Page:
On the same day, Germany’s SMP was significantly lower, at 36.3 euros per MWh, the level in Italy was 41.15 euros per MWh, Bulgaria registered 41.17 euros per MWh and Romania 40.82 euros per MWh.

In yesterday’s day-ahead market, Greece’s SMP was 52.3 euros per MWh, once again virtually topping European levels, exceeded only by the Polish price. Elsewhere, Germany registered 35.86 euros per MWh, Italy’s level was 42.96 euros per MWh, Bulgaria registered 39.13 euros per MWh, Romania 38.25 euros per MWh, while Spain and Portugal both registered 39.27 euros per MWh.

Greece’s SMP was once again second-highest, behind Poland, in the day-ahead market for today, registering a level of 42.5 euros per MWh. Germany registered 38.59 euros per MWh, Italy was at 41.34 euros per MWh, the Czech Republic’s level was 39.02 euros per MWh, Bulgaria registered 39.33 euros per MWh, Romania registered 40.14 euros per MWh, while the SMP level in Spain and Portugal was 40.52 euros per MWh.

One PPC rate for consumption above, below 2,000 kWh

Power utility PPC will continue offering a single tariff rate for consumption levels above and below 2,000 kWh per four-month billing period once the utility’s lockdown-related support package expires on June 26, sources have informed.

During lockdown, PPC offered an 8 percent tariff discount for consumption levels of more than 2,000 kWh per four-month billion period. This offer’s resulting tariff rate, 0.11058 euros per kWh, is being kept.

Prior to the lockdown package’s introduction, lasting three months, PPC customers were charge 0.11936 euros per kWh for consumption over 2,000 kWh. The lower rate also applies for consumption levels below 2,000 kWh.

PPC’s new pricing policy, still undisclosed, is also expected to offer benefits to customers paying their electricity bills on time.

The power utility’s independent rivals are offering like-minded packages. For at least one month now, independent suppliers have offered considerable tariff discounts at par with lower nighttime rates. These offers are valid for new customers as long as payment punctuality is maintained.

Energy costs – natural gas and wholesale electricity prices – fell considerably during the lockdown period, providing suppliers leeway for lower-price offers to customers.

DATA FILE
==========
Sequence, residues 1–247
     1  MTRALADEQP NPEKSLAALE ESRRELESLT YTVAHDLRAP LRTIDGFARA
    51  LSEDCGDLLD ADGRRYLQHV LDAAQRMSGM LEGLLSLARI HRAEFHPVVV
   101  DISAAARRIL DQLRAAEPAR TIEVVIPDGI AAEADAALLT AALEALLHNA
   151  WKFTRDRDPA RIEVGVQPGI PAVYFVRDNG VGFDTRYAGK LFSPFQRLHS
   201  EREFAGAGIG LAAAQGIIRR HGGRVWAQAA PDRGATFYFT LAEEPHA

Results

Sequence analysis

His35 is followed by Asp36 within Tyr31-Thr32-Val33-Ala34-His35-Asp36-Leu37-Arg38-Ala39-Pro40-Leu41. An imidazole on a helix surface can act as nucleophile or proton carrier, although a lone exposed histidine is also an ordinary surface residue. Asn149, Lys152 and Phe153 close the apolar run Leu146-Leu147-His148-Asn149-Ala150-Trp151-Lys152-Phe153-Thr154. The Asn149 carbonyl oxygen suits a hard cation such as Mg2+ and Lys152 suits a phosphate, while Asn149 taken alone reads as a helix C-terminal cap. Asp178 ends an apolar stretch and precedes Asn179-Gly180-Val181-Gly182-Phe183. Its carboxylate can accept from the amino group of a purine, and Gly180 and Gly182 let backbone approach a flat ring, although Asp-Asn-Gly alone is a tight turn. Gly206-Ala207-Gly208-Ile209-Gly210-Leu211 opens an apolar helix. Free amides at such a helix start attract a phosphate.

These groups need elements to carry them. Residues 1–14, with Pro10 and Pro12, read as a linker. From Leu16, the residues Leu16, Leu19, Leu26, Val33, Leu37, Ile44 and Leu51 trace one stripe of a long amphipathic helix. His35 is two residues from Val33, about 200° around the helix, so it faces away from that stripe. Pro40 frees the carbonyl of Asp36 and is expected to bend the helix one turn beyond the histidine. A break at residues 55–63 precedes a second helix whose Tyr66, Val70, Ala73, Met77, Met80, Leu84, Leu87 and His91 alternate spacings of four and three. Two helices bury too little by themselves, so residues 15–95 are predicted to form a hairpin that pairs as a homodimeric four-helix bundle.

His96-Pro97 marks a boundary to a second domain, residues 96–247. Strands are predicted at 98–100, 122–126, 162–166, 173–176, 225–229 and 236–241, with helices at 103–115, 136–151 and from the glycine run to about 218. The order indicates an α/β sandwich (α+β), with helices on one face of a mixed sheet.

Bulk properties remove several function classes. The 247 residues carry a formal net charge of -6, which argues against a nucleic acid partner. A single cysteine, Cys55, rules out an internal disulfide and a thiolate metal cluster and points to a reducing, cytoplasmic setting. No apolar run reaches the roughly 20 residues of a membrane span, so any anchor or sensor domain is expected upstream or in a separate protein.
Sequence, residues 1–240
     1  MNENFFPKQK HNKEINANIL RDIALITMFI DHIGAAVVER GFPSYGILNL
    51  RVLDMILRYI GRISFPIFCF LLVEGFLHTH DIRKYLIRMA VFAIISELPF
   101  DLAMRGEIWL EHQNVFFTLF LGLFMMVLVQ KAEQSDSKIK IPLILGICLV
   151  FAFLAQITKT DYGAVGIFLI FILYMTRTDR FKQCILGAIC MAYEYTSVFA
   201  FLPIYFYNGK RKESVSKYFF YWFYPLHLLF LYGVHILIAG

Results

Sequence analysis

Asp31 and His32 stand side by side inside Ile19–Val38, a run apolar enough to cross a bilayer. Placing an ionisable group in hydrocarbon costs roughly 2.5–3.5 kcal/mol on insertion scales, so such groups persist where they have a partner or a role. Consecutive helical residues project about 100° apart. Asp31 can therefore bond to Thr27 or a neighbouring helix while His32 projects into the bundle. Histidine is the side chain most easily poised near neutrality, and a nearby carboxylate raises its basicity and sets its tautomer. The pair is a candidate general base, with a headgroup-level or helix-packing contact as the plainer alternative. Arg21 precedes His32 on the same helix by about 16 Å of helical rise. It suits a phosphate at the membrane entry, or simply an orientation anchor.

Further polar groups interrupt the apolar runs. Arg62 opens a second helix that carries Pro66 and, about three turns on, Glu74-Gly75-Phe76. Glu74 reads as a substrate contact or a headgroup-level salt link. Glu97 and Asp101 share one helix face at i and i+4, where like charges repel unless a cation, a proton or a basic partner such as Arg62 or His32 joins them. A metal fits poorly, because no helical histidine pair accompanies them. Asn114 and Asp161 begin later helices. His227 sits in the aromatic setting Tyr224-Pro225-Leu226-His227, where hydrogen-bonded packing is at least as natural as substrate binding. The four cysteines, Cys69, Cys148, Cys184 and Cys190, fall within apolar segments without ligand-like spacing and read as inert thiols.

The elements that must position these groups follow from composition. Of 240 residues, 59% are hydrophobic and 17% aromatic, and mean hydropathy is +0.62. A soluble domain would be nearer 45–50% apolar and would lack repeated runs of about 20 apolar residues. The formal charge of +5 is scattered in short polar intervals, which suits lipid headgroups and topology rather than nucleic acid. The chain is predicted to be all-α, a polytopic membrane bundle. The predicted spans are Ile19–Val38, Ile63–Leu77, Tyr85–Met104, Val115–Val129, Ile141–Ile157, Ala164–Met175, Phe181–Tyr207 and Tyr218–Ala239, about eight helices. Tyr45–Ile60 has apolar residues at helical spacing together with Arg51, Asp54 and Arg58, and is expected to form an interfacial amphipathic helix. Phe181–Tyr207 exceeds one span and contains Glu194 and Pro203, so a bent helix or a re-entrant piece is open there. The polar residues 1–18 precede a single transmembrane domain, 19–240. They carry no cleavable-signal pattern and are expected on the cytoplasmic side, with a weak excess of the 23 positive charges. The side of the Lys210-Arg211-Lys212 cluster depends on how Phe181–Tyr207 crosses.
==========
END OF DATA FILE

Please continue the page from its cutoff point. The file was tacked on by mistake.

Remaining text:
According to the Greek energy exchange, the System Marginal Price (wholesale electricity price) ended May at 34.27 euros per MWh, down from 65.91 euros per MWh in the equivalent month a year earlier, a 48 percent year-on-year drop.

In May, natural gas-fueled power stations were responsible for 50.1 percent of Greece’s overall electricity generation, and RES facilities contributed 38.54 percent.

PPC’s high-cost lignite-fired power stations, once the country’s dominant generating source, contributed just 3.46 percent in May, an 87 percent year-on-year drop.


Natural gas, electricity imports most influential for Greek SMP levels

Natural gas and electricity imports are playing an increasingly important role in shaping System Marginal Prices, or wholesale prices, while the influence of more traditional energy sources is waning, latest monthly data provided by the Greek energy exchange has shown.

Natural gas’s influence on SMP levels grew between January and May this year, compared to other fuels and electricity imports and exports, the data showed.

Throughout the five-month period, natural gas-fueled power stations consistently ranked first in number of hours used for SMP levels, peaking in May with 491 hours. Electricity imports consistently followed as a the second most influential factor for all five months.

Lignite-fired power stations, previously a key factor for SMP levels, are now limited to a marginal role, their lowest contribution, one hour in an entire month, recorded in April, the January-to-May figures showed.

Greece’s international grid interconnections are playing an increasingly influential role in shaping the country’s SMP as well as covering energy demand, the data showed.

Power grid operator IPTO has increased capacities for electricity imports via Greece’s grid interconnections in the north.

Wholesale electricity prices rising, up to €47.30/MWh today

Wholesale electricity prices, determined by the System Marginal Price, are rebounding following a significant drop over the past few weeks.